The Power Of Negative Thinking

When I was 16, I read The Power Of Positive Thinking by Norman Vincent Peal.

I still have the exact copy in my library. For the next two decades or more, I read many other books and listened to many hours of lectures on having a positive outlook on life, and the power of optimism. I personally have nothing against most of these authors and thought leaders. But the “positive thinking” movement of the 1950s and through the next few decades were, if anything, lacking in fullness due to a shaky foundation. The foundation is weak because it’s missing a few bricks.

I don’t deny that optimism can be a powerful tool. Besides, I’d rather go through life with a generally positive outlook from day-to-day. It’s more enjoyable than the alternative. But let’s add another philosophical brick to the foundation.

Let’s think negatively, for just a moment.

Today, we’ll take a look at a technique the Stoics called “premeditatio malorum”,  a premeditation of evils. The idea is to imagine the worst-case scenario. More than just considering the worst as a possibility, imagine yourself getting used to it. Sit with it for a while and attempt a genuine acceptance.

This can be difficult to do. We generally associate this type of thinking with negativity, worry, or fear. But this technique attempts to combat all of those things, by recognizing that we are in fact able to handle whatever comes. With practice, you can even get comfortable with the idea of death. I’m not advocating for a fatalistic or nihilistic mentality. On the contrary, this technique can have amazingly positive effects.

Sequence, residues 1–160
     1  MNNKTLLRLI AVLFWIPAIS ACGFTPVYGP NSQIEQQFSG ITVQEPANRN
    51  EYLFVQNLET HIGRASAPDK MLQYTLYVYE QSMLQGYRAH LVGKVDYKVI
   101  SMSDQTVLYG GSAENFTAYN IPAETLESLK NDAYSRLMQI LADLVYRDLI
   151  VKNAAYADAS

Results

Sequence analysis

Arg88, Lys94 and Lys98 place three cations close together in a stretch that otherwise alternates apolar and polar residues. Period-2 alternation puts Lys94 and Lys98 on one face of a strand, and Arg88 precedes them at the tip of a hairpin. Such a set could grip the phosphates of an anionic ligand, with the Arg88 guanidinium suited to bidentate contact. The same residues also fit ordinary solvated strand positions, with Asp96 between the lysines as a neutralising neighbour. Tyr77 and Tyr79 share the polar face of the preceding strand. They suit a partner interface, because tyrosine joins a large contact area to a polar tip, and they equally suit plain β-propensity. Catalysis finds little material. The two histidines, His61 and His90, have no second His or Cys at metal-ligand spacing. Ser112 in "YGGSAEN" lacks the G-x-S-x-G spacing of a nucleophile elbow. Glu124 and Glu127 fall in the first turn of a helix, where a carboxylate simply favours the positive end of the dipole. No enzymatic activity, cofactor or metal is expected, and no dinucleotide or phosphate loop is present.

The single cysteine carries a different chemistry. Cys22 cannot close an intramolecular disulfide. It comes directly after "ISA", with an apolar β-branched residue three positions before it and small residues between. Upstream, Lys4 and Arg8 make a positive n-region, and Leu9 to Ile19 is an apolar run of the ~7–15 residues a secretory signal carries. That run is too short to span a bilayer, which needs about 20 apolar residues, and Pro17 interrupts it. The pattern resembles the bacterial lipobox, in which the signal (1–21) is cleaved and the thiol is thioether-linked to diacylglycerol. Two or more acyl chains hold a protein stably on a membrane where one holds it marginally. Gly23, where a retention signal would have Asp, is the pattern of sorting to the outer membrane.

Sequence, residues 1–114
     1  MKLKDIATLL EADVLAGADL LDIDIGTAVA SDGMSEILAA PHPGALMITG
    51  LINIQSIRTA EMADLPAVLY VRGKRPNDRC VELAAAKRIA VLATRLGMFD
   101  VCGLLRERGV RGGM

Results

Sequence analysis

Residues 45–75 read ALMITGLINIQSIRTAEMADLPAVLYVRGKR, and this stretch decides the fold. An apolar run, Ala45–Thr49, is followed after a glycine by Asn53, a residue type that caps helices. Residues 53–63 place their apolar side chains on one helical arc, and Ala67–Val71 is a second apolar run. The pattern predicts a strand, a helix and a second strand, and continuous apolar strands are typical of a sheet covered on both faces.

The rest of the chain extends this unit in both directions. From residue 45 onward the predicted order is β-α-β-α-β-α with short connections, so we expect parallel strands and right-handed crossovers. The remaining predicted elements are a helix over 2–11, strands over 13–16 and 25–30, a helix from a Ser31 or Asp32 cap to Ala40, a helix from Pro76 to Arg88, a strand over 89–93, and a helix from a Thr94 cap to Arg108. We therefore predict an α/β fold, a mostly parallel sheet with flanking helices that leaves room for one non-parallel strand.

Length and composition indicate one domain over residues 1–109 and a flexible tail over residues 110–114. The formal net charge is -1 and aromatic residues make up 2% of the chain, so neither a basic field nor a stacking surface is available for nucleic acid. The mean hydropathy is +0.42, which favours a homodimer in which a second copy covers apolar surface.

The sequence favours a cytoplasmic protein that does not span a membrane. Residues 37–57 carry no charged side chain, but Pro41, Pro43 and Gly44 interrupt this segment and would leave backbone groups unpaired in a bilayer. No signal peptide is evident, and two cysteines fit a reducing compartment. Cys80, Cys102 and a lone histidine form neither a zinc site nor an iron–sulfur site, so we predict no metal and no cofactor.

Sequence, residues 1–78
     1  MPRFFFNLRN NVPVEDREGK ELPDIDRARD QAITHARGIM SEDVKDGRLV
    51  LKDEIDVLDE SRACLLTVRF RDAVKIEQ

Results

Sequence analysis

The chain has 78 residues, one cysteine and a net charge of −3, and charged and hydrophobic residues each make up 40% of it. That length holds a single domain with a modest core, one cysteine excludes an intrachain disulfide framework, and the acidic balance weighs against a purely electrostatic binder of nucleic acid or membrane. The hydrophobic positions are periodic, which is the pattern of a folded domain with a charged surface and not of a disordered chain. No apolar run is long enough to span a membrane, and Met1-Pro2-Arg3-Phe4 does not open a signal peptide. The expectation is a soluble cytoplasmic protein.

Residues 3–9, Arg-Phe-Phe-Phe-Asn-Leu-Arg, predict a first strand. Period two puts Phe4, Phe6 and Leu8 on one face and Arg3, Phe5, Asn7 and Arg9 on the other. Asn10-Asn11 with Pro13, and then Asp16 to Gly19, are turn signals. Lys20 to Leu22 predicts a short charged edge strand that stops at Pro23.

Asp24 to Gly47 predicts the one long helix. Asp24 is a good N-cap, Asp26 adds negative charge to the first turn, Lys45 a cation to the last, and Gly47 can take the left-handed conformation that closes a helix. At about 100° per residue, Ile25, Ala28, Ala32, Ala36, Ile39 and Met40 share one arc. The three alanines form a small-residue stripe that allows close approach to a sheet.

Acceptance of the worst-case-scenario is a great way to let go of worry.

Visualizing your own resilience can go far in building your self-empowerment.

Picturing the loss of possessions, station, or even loved-ones can really drive home a sense of gratitude for what you have in the present.

A few questions that the Stoics used to prompt this mindful practice are:

What would things look like if everything went wrong tomorrow?

How would I cope with that situation?

Should this change the way I live today?

By Cody Limbaugh

Author of STOP SETTING GOALS! and co-founder of The Lyceum. Cody and his wife Tali Zabari both write and create at, where they share their adventures in #HardcoreHomesteading and personal development. Join the discussion in The Lyceum Community at

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